Enacting Environmentally Sustainable Digital Preservation
The cultural heritage community has engaged with environmental sustainability in many areas, but is still in the early stages of implementing sustainability principles in digital preservation activities. Building off “Toward Environmentally Sustainable Digital Preservation” (American Archivist 2019), the workshop facilitators will introduce the sustainability framework proposed by the authors and lead a discussion session in which participants explore sustainable actions within the context of the framework and think through how they can implement these actions at their organizations. Based on these conversations, the facilitators and attendees will then work together to build initial implementation strategies. The facilitators envision that the workshop will be a starting point for participants in their efforts to enact environmentally sustainable digital preservation.
NOTE: This will be a participant-driven workshop, which means that the quality of the workshop outcomes depends on the engagement of participants; all participants should be prepared to actively take part in the discussion.
15 November 2022
09:00 to 10:00 Singapore local time
Maximum Number of Participants:
40 pax, on a first-come-first-served basis
Registration Fee and Details:
To Be Advised
About the Trainers:
Keith Pendergrass is the digital archivist for Baker Library Special Collections at Harvard Business School, where he develops and oversees workflows for born-digital materials. His research with Walker Sampson, Tessa Walsh, and Laura Alagna explores ways to integrate environmental sustainability principles into digital archives and preservation standard practice. He holds an MSLIS from Simmons College and a BA in History from Amherst College.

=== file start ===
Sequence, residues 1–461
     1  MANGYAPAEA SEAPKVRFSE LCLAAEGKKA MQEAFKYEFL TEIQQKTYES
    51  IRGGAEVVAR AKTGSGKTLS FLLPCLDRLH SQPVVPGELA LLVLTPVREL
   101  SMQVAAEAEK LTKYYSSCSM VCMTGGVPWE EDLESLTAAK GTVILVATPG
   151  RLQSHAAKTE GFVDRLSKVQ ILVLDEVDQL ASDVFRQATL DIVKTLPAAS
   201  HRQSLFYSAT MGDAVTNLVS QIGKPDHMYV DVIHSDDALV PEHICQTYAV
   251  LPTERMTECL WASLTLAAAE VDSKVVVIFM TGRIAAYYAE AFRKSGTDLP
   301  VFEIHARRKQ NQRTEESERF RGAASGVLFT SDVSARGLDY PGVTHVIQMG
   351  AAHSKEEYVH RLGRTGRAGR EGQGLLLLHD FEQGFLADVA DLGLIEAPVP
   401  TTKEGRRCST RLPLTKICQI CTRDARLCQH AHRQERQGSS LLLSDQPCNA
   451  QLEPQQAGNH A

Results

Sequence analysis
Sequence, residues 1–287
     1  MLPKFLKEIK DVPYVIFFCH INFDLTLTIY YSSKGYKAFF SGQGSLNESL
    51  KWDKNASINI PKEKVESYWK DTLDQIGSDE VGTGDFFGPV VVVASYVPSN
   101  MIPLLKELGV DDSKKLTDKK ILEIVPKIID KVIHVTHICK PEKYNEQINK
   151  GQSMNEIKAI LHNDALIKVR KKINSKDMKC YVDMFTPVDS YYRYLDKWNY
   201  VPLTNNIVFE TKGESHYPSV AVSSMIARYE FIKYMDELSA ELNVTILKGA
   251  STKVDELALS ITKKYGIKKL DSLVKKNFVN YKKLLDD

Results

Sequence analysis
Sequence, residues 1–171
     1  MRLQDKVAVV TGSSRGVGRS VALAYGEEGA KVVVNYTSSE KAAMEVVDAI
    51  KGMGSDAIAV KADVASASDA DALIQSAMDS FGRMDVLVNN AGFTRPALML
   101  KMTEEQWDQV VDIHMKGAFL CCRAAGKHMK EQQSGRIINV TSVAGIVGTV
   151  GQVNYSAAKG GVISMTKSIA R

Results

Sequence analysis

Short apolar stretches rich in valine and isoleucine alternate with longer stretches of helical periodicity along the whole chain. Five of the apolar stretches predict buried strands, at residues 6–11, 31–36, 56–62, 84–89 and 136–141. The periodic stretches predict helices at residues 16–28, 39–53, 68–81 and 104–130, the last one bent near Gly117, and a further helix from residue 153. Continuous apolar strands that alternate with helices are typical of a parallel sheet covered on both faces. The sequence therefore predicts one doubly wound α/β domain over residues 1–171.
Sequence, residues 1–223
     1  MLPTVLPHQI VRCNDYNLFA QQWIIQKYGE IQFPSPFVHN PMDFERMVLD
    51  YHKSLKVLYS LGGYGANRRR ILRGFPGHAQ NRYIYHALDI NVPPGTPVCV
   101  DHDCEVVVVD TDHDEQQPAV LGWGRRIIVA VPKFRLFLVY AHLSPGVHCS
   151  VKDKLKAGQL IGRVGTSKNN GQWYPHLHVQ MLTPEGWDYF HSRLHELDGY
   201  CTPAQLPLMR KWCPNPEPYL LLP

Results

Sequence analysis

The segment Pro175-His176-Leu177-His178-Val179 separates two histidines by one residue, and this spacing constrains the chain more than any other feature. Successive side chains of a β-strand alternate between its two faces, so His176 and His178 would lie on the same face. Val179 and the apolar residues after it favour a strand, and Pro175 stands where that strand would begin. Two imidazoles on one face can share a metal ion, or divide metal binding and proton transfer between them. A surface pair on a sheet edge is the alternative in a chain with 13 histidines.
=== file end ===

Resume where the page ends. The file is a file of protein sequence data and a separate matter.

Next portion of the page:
Bethany Scott is Digital Projects Coordinator at the University of Houston Libraries (UHL) and Product Owner of the Libraries’ open-source digital access and preservation ecosystem. As a representative of UHL Special Collections, she contributes knowledge on digital preservation, born-digital archives, and archival description to the Libraries’ digital initiatives. She received an MS in Information Studies from the University of Texas at Austin.
Elizabeth-Anne Johnson is Electronic Records Archivist at the University of Calgary, where she develops workflows to acquire, process, preserve, and provide access to born-digital archival material. A graduate of the University of Manitoba Archival Studies programme, her research interests include digital preservation, conveying the materiality of digitized material, and the digital and environmental humanities.